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As a result of the ongoing economic crisis caused by the coronavirus pandemic and the prolonged lockdown, banks in South Africa have arranged to provide financial assistance and loan guarantees to help individuals and companies that are facing financial difficulties.
On their own initiative, South African banks have extended an important financial relief. R12.96-billion to commercial businesses and R19.34-billion to individuals.
In other aspects, banks have also extended R13.26-billion in loans under the program Covid-19 Loan Guarantee Scheme, Issued by the National Treasury, South African Reserve Bank, and Banking Association of South Africa.
Companies that could count on this benefit could use the money they receive for operational expenses, such as salaries, rent and lease agreements, and contracts with suppliers.
Lungisa Fuzile, Chief Executive Officer & Executive Director at The Standard Bank of South Africa, stated “The loan proceeds will be used for immediate relief and ongoing support for eligible Small and Medium Enterprises (“SMEs”) and corporates in South Africa that have been affected by Covid-19 by assisting them with the purchase and production of goods and services needed to cope with the crisis and towards stimulating long-term investments in affected industries.”
“We take our responsibility as a corporate citizen seriously and value the ongoing collaboration with IFC. This transaction reflects Standard Bank’s commitment to supporting our clients through this pandemic.”
The aid aims to support the companies and most affected people by the current economic crisis, providing them with financial support so that they can have the money to purchase and produce the materials necessary to overcome the crisis.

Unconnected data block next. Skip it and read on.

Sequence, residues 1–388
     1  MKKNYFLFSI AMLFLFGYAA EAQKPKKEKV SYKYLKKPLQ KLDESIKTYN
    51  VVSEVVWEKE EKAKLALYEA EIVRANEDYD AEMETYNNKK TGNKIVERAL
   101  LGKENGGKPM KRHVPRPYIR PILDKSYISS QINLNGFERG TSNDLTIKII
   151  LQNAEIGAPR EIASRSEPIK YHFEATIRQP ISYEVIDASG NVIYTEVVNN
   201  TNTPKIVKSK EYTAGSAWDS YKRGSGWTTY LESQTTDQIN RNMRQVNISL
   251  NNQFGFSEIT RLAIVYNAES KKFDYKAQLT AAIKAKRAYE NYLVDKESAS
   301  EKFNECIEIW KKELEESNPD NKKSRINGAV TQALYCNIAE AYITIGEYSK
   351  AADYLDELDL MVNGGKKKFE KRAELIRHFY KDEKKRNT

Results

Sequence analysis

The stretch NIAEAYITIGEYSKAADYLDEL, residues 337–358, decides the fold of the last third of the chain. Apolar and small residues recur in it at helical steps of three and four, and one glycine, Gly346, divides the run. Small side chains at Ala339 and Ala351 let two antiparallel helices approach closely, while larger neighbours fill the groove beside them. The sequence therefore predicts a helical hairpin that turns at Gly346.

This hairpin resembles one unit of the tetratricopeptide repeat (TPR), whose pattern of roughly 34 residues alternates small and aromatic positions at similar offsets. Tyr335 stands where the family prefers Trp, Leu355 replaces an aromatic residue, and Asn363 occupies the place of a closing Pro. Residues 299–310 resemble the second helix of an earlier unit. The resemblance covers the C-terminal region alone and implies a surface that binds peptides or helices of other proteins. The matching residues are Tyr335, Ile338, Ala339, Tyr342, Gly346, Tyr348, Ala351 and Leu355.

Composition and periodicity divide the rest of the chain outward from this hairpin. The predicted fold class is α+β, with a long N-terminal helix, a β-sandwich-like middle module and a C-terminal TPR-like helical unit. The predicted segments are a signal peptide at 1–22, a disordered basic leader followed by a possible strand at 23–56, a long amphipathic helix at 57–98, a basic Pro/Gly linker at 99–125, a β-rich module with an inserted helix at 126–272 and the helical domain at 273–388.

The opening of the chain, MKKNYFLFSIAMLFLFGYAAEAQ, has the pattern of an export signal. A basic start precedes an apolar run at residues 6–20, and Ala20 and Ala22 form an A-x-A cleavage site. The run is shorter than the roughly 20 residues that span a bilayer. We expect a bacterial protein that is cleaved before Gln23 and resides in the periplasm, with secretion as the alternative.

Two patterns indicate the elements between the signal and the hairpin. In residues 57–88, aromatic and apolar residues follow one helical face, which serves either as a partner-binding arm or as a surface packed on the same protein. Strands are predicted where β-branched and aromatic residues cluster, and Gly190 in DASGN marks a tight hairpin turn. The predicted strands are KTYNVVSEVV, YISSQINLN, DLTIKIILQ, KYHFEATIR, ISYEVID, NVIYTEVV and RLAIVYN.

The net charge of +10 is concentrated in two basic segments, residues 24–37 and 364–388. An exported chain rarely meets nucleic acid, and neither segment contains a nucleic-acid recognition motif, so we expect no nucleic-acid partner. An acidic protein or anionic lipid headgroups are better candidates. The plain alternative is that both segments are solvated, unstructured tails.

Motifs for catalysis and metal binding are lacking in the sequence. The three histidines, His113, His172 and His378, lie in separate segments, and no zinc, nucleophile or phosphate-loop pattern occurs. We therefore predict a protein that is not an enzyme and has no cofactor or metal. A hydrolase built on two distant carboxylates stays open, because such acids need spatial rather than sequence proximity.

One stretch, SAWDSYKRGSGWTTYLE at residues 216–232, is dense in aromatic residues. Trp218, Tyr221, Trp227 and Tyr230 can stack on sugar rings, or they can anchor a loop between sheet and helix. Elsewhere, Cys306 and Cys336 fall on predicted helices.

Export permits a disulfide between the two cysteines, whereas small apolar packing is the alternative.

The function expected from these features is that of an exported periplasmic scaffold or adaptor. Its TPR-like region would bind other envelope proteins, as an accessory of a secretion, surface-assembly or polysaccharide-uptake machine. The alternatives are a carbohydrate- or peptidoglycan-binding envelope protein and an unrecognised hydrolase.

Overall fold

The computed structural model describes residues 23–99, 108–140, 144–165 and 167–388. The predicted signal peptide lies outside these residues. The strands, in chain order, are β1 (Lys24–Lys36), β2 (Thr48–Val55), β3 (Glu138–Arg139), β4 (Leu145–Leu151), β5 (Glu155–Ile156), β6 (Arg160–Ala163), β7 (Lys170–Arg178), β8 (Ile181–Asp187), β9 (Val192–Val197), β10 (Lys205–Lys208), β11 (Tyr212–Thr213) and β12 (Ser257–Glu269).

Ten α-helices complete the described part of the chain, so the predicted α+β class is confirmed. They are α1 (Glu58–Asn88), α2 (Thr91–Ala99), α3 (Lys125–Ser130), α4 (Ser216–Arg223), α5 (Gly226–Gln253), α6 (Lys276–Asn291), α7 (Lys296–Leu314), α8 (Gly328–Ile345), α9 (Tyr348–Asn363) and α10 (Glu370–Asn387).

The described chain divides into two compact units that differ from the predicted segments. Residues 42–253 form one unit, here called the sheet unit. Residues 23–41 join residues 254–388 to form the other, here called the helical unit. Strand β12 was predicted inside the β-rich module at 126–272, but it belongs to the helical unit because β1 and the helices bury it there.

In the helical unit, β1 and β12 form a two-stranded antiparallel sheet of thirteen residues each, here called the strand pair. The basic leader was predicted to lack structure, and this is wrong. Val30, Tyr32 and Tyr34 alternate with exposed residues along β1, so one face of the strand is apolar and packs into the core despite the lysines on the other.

Since the beginning of the spread of the coronavirus, in March of this year, numerous South African that started to feel the distress of the economic crisis have asked for financial aid. More than 84% of individuals, as well as 95% of companies, received assistance after having asked for it.
“The combined value of the actual assets is R537-billion. This includes R229.27-billion for home loans, R52.06-billion in business mortgages, and R47.52-billion in asset-based finance for companies. Cash flow relief for eligible individuals and businesses is critical to the preservation of quality of life, jobs, businesses, and a functioning economy. Deep cuts in interest rates by the SARB is providing further relief to individuals and businesses.”
It is important to understand that a payment relief does not mean a debt cancellation. That is to say that the interests and commissions of any credit agreement will continue to pile up.
The Banking Association of South Africa (BASA) said “The primary guiding principle of commercial banks is the protection of depositor’s funds. Banks are not able to write off credit they have extended, because they hold in trust the savings and salaries of South African workers, professionals, and companies.
These deposits are used to extend credit for investment in productive economic infrastructure and personal loans. Depositors trust that they are able to withdraw their money on demand, with agreed-upon interest.”
The initial period of relief that helped many businesses at the beginning of the national lockdown has expired from the end of June 2020. The position of banks about extending new assistance to their clients depends on their scope and risk management policies.
The major feature of the initial phase of the Loan Guarantee Scheme was to assist small and medium companies with an annual turnover of less than R300-million.
This second phase of the loan assistance provides COVID-19 Term Loans of up to R100-million to all eligible companies, regardless of turnover.
“The initial take-up of the scheme has been slower than anticipated and, since August 1, the terms and conditions have been revised to make it easier for small businesses to access the loans meant to cover operating expenses, like salaries and rent.”
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